JOHANNESBURG — Tsholotsho North MP Jonathan Moyo yesterday stepped up his assault on the new draft constitution that would rein in presidential powers, saying it was an attack on democracy.
“It strips the Executive of all powers and leaves it as a clerical branch of government,” said Moyo, a one-time spin doctor of President Robert Mugabe’s Zanu PF party and former information minister.
“This draft is an attack, quite a serious attack, on our sovereignty, quite a serious attack on our democracy.”
The document will go to a referendum vote, most likely in October, and is a key reform demanded by regional mediators ahead of polls to end the uneasy ruling coalition between Mugabe and Prime Minister Morgan Tsvangirai.
Speaking at a discussion forum organised by the Institute for Democracy in South Africa, a Pretoria-based think-tank, Moyo said Zanu PF had last week spent 18 hours combing through the document and was still discussing it.
The long-delayed draft did not reflect the views expressed by ordinary Zimbabweans during an outreach programme but was a compromise between the main political parties, he said.
“If you ask what is it that is in the draft that raises problems . . . I am tempted to say everything.
“But if I say that it has 18 chapters, but I can tell you that each of the 18 chapters has a problem.”
The draft plans to set down a presidential two-term limit of 10 years and strip any immunity from prosecution after leaving office.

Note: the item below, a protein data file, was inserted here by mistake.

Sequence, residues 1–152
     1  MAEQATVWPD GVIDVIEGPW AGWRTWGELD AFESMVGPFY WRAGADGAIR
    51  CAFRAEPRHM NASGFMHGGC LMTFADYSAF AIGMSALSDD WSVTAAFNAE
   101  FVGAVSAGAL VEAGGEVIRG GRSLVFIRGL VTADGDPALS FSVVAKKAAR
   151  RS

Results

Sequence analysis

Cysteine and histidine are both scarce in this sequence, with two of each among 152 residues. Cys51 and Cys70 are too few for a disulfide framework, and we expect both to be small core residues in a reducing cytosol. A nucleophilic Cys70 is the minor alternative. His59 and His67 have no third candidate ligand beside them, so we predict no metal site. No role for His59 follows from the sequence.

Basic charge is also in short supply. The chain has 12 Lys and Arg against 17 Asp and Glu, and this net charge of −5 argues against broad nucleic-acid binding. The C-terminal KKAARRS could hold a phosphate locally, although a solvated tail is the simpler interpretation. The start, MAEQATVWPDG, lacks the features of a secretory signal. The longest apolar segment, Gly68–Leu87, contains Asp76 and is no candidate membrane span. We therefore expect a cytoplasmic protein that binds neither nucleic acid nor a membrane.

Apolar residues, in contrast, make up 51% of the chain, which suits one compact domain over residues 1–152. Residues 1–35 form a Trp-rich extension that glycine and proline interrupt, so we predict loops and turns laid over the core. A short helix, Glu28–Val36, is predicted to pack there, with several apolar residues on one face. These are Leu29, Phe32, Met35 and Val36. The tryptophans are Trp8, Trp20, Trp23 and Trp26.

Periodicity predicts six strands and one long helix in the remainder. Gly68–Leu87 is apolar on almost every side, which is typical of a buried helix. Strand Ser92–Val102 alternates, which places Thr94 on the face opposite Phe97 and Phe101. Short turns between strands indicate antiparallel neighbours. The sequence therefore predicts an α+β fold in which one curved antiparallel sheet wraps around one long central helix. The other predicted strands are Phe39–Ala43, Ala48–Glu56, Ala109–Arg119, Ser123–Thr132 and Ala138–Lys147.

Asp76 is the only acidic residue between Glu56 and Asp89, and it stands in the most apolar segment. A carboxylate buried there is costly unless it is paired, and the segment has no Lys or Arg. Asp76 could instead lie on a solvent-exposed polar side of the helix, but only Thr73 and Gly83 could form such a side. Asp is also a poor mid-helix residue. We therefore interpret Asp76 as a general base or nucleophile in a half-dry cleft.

Mugabe has been in power since independence in 1980 with his term peppered with accusations of human right abuses. Moyo also criticised the regional power bloc Sadc for continuing to “poke its nose” in the day-to-day running of Zimbabwe’s power-sharing government long after the bloc brokered a power-sharing agreement.
“There is too much Sadc interference in the GPA (Global Political Agreement) like a marriage counsellor who stays in your bedroom after helping solve a problem,” Moyo said.
“Sadc is still in our bedroom, why could it not take a leaf from Koffi Annan’s book in Kenya and leave the GPA alone?”
South African President Jacob Zuma is the Sadc-appointed mediator in talks to end the political crisis in Zimbabwe.
The draft was finished this month by negotiators from the country’s main political parties and has already been disputed by some analysts.
Zanu PF’s politburo meets today to decide the party’s final position on the draft amid indications hawks and securocrats want the document thrown away.
Moyo is believed to be the new voice of the securocrats who are not comfortable with a non-Zanu PF leader succeeding President Robert Mugabe and have vowed never to accept Prime Minister Morgan Tsvangirai’s leadership.